To solve this issue, racing brake discs are purposely designed and built to be more resistant to heat to maintain their braking performance at these high temperatures. Track discs can be measurably larger in diameter as greater disc mass allows for greater capacity of heat.

One popular design that is used on the track is the 2-piece brake disc design. The benefit of this 2-piece design is they allow the rotor and the hat to expand at different rates. This helps to disperse heat and decreases the likelihood of the disc warping out of shape. One other benefit of a 2-piece setup is the improved ventilation and cooling capacity further improving the performance longevity. StopTech offers the 2-Piece Aero Front Brake Discs which is a perfect option if you are interested in upgrading for track days.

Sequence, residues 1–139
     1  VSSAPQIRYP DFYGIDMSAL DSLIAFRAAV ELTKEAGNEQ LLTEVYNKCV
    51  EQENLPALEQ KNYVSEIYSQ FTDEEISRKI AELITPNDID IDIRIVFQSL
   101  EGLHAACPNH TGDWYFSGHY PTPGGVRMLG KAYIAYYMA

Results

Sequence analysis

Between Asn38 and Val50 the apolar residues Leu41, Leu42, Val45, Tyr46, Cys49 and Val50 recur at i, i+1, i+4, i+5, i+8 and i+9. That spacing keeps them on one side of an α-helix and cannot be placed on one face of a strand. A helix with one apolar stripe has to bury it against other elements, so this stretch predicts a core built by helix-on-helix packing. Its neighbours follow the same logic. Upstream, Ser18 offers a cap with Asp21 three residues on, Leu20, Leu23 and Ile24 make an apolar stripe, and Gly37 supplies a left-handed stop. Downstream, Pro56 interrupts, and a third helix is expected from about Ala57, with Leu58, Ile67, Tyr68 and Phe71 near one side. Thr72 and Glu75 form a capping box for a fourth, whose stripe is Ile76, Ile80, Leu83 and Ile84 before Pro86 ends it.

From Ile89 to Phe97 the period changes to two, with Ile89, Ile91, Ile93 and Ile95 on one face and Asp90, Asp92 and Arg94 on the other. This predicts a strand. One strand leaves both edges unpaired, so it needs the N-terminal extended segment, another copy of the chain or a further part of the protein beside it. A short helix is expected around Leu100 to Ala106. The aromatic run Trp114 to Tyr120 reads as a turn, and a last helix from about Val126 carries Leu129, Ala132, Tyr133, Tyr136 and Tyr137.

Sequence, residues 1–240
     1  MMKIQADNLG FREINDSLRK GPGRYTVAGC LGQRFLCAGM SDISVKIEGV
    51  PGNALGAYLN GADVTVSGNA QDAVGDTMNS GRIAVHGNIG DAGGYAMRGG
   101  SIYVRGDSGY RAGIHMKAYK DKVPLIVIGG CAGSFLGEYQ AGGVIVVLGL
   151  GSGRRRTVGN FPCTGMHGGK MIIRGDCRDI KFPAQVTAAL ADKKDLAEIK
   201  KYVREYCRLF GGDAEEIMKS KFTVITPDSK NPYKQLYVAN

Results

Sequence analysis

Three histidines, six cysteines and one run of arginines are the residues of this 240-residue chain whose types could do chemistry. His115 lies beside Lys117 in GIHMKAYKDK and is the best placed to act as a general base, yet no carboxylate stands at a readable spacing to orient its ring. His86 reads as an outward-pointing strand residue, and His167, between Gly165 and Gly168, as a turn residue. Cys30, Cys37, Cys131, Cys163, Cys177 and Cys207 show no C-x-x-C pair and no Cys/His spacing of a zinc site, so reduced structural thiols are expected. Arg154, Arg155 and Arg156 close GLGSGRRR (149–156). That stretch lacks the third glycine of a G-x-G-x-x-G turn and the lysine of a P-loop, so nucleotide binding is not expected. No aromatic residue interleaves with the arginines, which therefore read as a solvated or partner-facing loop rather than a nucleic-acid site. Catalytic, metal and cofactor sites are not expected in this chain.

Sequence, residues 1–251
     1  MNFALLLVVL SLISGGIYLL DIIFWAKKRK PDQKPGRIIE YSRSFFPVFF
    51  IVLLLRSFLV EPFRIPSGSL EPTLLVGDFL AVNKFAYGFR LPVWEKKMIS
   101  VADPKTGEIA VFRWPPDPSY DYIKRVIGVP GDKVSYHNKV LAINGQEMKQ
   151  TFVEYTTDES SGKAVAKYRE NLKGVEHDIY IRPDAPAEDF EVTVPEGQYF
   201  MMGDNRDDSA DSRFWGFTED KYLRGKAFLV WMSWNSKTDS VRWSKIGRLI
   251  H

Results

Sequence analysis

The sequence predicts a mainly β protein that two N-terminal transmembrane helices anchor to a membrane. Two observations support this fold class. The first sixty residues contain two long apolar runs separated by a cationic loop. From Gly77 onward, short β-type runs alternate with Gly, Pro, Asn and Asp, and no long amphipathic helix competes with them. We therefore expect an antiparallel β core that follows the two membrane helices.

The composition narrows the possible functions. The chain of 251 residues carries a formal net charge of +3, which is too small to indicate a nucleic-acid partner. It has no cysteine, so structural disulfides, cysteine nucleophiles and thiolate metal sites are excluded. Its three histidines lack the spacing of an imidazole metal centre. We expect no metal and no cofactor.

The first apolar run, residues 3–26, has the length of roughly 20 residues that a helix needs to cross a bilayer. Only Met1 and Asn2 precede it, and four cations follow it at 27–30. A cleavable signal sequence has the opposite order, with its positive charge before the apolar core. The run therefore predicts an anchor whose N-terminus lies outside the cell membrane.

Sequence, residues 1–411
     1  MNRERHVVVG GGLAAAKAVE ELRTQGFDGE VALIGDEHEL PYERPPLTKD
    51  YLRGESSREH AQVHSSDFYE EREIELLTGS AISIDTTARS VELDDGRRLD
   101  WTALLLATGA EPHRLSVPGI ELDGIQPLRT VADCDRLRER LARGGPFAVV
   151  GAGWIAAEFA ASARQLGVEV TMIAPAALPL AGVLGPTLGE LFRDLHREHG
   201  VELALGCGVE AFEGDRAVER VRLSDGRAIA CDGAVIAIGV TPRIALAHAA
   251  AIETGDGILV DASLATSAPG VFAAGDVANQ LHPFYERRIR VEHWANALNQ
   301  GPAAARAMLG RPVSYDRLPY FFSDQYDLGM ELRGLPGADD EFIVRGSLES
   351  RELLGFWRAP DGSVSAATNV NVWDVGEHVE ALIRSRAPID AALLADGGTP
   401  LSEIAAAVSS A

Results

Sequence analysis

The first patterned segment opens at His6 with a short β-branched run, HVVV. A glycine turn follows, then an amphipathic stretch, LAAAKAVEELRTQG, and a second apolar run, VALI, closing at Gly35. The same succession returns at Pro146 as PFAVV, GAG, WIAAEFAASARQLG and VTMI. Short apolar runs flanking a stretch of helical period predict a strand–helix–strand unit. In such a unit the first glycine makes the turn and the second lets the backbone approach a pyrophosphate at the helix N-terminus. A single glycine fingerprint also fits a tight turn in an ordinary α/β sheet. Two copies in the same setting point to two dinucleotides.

If you have the money to spend, you might be interested in a carbon-ceramic disc kit that is even more heat resistant due to the compound it is made from. It also has a higher friction coefficient compared to metallic discs, not to mention it is leaps and bounds lighter in weight. This is perfect for endurance racing as it offers the most braking performance at high temps and at a prolonged period of time. One drawback to this type of disc is that it is unsuitable for daily road driving. Since it is made to perform specifically at extremely high temperatures, braking at low temperatures isn’t as effective. So it is best to avoid the carbon-ceramic setup for your day-to-day grocery runs, as you would be sacrificing a lot of comfort and usability for less braking performance for use at low speeds.